"Deliver us from evil. Amen."

"So it says here that if you recite The Lord's Prayer backwards, you can summon a demon."

I looked up from my book. "And it doubtless works even better if you hang a crucifix upside down, Mae. What happens if you sacrifice a priest on his own altar? Maybe Satan appears with beer and pot brownies, I don't know."

"There's no need to be flippant, Sam. This is serious business." She topped up her glass again.

"I'm not being flippant, I just don't believe this stuff. It's not serious, just superstition, nonsense. A throwback to the bloody Dark Ages." I paused for stupid effect. "I mean, who really believes this stuff? Secondary school kids? I rank this along with the Ouija board, children messing about and scaring one another with campfire ghost stories."

"Well, I believe. I have seen things. Things I can't explain otherwise."

I held my glass up to the candlelight, sniffed, sipped again. Mae was clearly in one of those moods; she had the 'back down' look. 

"Well, maybe you are right," I said, "and I am wrong. But having a scientific mind, I…"

She laughed, punched the air. "Yay! Go Team Science!"

She gave me a pointedly scornful look, returned to her book. There was mostly quiet. My grandfather's long-case clock tocked, we read and slowly drank the bottle. I fetched another from the cellar, poured us each another glass.

"You said you had seen things, Mae. What have you seen? Convince me."

She put her book down, drew her legs up on the sofa. Her knees touched my leg. She was mellowing.

"When I was a fresher at Oxford, we held a seance. It didn't work at first, so we drew a pentacle on the floor and did it in there." She looked grim. "That worked. We started getting messages on the board." She looked down at her hands. "One of the guys got scared and broke the circle, and we stopped."

I looked at her. "And that's it? A bunch of students get drunk and push a glass around a table until someone pees themselves because someone spelled something out about him?"

"It wasn't like that. The spirit used his pet childhood name. No-one there could have known that. He was clearly rattled."

"Co-incidence. Someone was just angling, trying out different things until they got a response. Fortune tellers do that all the time. Cold reading, it's called."

She looked up at me again, leaned in, her eyes wide. "You weren't there, you cannot possibly comment. It was scary, we were all scared after that. Michael…Michael had to leave."

"Did the, erm, spirit say anything else?"

"No, as I said, we stopped after that." She looked down at her glass, then drained it, and quietly said "You never believe in stuff you can't see, feel touch. But the world is a bigger place than your science. 'There are more things in heaven and earth than are dreamt of in your philosophy'."

I paused. "You may be right, but…"

"Yeah, yeah. 'BUT'! Everything is 'but' with you. Come out of your bloody shell and try and see the world as it really is for everyone else!" She swung her legs away, stood up. "I'm going to bed. Good night."

Mae storming off was not new to me. Meanwhile, there was a half-full bottle of good Zinfandel and a half-read book, both of which deserved attention. I would, I decided, let her be for now, and at least finish the wine.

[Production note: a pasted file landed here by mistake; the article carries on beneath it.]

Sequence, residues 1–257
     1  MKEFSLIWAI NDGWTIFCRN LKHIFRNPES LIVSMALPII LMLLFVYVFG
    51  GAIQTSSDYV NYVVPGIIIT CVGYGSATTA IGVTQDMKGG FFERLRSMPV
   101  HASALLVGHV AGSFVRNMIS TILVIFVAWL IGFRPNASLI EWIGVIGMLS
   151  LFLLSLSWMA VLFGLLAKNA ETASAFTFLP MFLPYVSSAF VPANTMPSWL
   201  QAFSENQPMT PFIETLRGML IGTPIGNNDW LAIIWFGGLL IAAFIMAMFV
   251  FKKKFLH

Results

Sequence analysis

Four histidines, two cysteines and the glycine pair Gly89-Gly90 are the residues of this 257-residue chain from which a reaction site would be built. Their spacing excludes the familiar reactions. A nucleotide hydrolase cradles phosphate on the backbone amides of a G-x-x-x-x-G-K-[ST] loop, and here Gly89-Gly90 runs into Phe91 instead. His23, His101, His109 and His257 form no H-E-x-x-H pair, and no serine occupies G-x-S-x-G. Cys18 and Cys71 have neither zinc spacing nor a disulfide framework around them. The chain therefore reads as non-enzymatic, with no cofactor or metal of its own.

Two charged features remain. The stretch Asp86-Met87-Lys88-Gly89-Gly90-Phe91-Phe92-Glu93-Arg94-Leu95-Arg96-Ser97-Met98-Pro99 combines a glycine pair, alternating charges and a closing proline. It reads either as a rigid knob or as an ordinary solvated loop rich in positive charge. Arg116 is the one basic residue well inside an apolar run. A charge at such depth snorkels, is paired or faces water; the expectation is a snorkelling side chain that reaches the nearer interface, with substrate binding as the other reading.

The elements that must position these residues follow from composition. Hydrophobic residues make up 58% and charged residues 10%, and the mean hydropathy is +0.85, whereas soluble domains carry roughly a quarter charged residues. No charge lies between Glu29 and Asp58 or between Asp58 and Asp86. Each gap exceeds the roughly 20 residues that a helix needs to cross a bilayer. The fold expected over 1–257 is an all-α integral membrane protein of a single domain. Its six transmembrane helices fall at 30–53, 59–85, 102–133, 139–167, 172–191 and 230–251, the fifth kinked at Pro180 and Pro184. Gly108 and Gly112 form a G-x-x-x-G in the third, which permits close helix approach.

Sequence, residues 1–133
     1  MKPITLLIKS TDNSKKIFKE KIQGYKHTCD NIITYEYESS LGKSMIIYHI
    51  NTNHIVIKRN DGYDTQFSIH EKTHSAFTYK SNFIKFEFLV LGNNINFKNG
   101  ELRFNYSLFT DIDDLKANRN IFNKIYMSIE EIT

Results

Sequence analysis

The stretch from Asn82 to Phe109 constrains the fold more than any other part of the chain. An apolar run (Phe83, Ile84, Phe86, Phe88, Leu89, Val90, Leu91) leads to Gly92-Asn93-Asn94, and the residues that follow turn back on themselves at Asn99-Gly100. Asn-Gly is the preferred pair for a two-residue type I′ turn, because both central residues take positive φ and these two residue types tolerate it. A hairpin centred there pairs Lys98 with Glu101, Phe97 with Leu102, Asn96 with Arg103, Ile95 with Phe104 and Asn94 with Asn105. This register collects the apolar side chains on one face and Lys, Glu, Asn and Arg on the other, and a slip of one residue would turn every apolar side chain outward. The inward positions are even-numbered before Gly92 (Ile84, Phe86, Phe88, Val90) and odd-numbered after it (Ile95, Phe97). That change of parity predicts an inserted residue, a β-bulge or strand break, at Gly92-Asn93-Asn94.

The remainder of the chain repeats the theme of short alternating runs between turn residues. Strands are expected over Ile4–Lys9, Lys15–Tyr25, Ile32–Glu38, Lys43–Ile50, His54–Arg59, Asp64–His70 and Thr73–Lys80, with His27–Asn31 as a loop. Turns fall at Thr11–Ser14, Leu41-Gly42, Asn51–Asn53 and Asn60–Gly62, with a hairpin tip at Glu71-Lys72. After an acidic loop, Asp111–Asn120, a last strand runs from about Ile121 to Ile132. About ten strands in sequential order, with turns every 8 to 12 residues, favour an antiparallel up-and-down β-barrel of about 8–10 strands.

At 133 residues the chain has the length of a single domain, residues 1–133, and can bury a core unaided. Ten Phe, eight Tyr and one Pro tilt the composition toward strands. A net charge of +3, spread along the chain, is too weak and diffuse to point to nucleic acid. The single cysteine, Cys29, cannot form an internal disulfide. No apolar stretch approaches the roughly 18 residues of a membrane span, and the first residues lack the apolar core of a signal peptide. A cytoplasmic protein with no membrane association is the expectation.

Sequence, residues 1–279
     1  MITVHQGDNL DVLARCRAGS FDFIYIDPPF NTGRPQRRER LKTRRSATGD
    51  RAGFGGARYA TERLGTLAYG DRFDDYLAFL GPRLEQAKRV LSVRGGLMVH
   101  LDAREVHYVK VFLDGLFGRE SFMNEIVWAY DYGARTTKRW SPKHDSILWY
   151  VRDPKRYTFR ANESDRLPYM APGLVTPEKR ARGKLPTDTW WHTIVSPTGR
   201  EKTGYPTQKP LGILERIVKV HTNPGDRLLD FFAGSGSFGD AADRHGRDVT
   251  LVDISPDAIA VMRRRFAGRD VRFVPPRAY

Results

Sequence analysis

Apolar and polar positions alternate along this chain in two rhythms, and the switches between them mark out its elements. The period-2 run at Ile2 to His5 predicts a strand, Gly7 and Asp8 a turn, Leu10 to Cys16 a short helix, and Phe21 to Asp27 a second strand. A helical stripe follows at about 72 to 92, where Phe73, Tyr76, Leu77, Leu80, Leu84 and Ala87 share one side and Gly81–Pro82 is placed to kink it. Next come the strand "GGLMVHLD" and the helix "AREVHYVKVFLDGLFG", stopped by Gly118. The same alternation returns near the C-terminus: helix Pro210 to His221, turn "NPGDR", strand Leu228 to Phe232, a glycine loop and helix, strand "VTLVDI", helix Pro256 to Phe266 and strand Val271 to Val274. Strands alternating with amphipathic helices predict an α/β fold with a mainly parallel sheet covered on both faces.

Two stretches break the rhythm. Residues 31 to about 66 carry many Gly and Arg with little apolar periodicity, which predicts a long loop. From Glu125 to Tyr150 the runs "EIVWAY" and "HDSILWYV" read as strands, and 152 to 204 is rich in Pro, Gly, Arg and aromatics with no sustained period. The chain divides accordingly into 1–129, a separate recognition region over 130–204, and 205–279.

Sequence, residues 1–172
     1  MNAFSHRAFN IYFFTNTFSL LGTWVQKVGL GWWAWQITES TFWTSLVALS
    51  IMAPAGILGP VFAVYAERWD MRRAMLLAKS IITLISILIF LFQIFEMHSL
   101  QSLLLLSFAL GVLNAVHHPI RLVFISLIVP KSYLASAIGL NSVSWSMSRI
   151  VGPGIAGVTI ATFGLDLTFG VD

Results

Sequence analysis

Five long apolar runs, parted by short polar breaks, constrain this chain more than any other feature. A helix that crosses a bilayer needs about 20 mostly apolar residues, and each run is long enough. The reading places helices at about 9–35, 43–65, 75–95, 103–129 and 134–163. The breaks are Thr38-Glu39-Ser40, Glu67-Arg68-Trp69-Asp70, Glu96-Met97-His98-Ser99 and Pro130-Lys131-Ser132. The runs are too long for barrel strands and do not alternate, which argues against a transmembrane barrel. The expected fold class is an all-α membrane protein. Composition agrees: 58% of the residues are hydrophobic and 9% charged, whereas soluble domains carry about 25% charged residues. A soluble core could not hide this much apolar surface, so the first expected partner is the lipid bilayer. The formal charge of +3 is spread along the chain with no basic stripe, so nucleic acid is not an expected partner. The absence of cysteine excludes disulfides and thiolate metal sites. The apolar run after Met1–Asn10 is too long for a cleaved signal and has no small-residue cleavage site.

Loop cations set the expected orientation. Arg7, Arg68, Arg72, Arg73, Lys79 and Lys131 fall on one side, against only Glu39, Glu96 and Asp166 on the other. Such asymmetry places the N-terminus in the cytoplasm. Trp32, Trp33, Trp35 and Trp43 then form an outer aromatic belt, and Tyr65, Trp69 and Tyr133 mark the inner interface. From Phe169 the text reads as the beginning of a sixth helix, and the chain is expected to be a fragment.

I woke at one, stiff-necked in my armchair. Even though the clock no longer struck the hours, there was still a telltale click when the mechanism started. When I was younger the chimes would wake me at eleven or midnight, and I missed that. Still, can't be helped. 

I stretched and began to tidy the living room. Glasses to the kitchen, books to the shelves, newspaper refolded. I was about to head upstairs when I noticed the cellar door ajar, and the light on. Mae, had to be. I started down the stairs, and there she was, sitting at my tasting table with her book. She looked up at me. "I decided to come down here, given that you were clearly not interested in coming to bed", she said.

I mumbled my excuses.

"So, do you want a seance?"

"Don't be ridiculous. Why would I want to do something that cannot possibly work?"

"How do you know it won't work until you've tried it?"

She had me there. I stood for a moment, then walked over to the table and started to drag it into the middle of the floor.

"What are you doing?"

"Setting up for the seance that you are clearly determined to have."

"One that you clearly do not want. You're just doing it to shut me up." She glowered pretty well when she had to, and prettily. She was glowering now.

"Okay, I admit some of that. But if it will make you happy, I'll do it."

She scooped her book off the table, walked to the barrel rack and took the writing chalk and my tasting notebook.

"What's that for?" I asked.

"Chalk," she said, brandishing it, "for the pentacle. Paper," she continued, waving it, "for the letters."

She began to tear pages out of my notebook. After a moment, and despite my annoyance that she was defiling my notebook, I decided to speed things up. I tore each page into six and taking a pen, began lettering each one.

"We'll need numbers, too. And 'Yes' and 'No'. And 'Goodbye'. Is there another pen?"

I produced one. There was a silence of careful writing, me with my stern block capitals, Mae with her artistic italic. 

When we finished, I pulled a couple of chairs over as Mae laid out the scraps of paper in a circle. The table was barely large enough, but it would have to suffice. Finally, she stopped and examined her handiwork. "We'll need a glass", she said, and fetched one from the cupboard before sitting down.

"What now?" I asked.

"The pentacle!" she cried, and grabbing the chalk, got down on hands and knees. There was a minute or two of scraping as she drew the figure inside a circle on the floor. Finally she triumphantly tossed the chalk into a corner, put the table in the middle and sat again. She reached across the table, palms up. "Sit", she said. As though I were a dog.